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Can Georgia's presidential electors vote for anyone they want?

It's a common question with respect to how the Electoral College works.

ATLANTA — It's a question that comes up, understandably, in any tight presidential race: Do Electoral College voters actually have to vote for the candidate who won their state?

There are a number of laws governing how Georgia proceeds with its contribution to the Electoral College we'll run through, but the short answer is basically: No, there's nothing in law that requires them to vote any which way.

And yes, this is an issue that has come up before.

Georgia & Atlanta Election Results

Let's start with the basics of how the Electoral College works in Georgia: By state law, the political parties nominate their 16 electors (because Georgia has 16 Electoral College votes) ahead of the presidential election.

Then, according to law, it's the governor's responsibility to certify the slate of electors submitted by the party whose candidate received the most votes. Here's the actual language of the law: "The Governor shall enumerate and ascertain the number of votes for each person so voted and shall certify the slates of presidential electors receiving the highest number of votes."

The governor must certify the list of electors "no later than 5:00 P.M. on the eighteenth day following the date on which such election was conducted."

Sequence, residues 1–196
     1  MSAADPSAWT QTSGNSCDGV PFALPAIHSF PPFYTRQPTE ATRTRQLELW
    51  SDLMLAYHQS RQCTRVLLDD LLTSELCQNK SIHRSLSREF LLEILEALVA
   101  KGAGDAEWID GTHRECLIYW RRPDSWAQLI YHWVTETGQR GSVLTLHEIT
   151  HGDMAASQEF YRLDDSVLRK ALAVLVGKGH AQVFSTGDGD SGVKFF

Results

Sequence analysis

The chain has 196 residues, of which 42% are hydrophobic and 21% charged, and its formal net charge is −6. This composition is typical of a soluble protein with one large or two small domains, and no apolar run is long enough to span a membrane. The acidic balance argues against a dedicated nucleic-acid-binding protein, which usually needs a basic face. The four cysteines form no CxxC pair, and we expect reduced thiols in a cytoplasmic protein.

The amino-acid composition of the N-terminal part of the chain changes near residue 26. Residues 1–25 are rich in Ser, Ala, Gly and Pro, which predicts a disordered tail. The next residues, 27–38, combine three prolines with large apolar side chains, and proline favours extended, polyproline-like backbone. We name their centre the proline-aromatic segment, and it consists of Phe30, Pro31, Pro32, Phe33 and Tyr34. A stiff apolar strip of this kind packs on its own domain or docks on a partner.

RELATED: VERIFY: Who are presidential electors? Can faithless electors determine the outcome of the presidency?

Because those electors are chosen by the political parties, and the political parties are inclined to choose active members of the party to do the electoral voting as a kind of nod of respect, it's usually not an issue of who they'll vote for.

But you'll notice we haven't addressed any piece of law stating how they have to vote - because there is none.

In theory, if they're on the list of electors submitted by the party, and that party's candidate gets the most votes for president in Georgia, and the governor certifies that list - they're then free to do whatever they want.

And this, in fact, became an issue in 2016.

Baoky Vu, a member of the Georgia Republican Party's list, took exception to President Trump's public sparring with the family of a Muslim soldier killed during the Iraq War.

He reportedly said he could not vote for Trump, threatening an act that would have branded him what's popularly known as a "faithless elector."

However he said even before the election, and wound up resigning as an elector. He did not cast an electoral vote, and all of Georgia's electoral votes were cast for the president.

But, again, the answer to the question is: Yes, an electoral voter could, if they wished, vote against the candidate who actually won the state.

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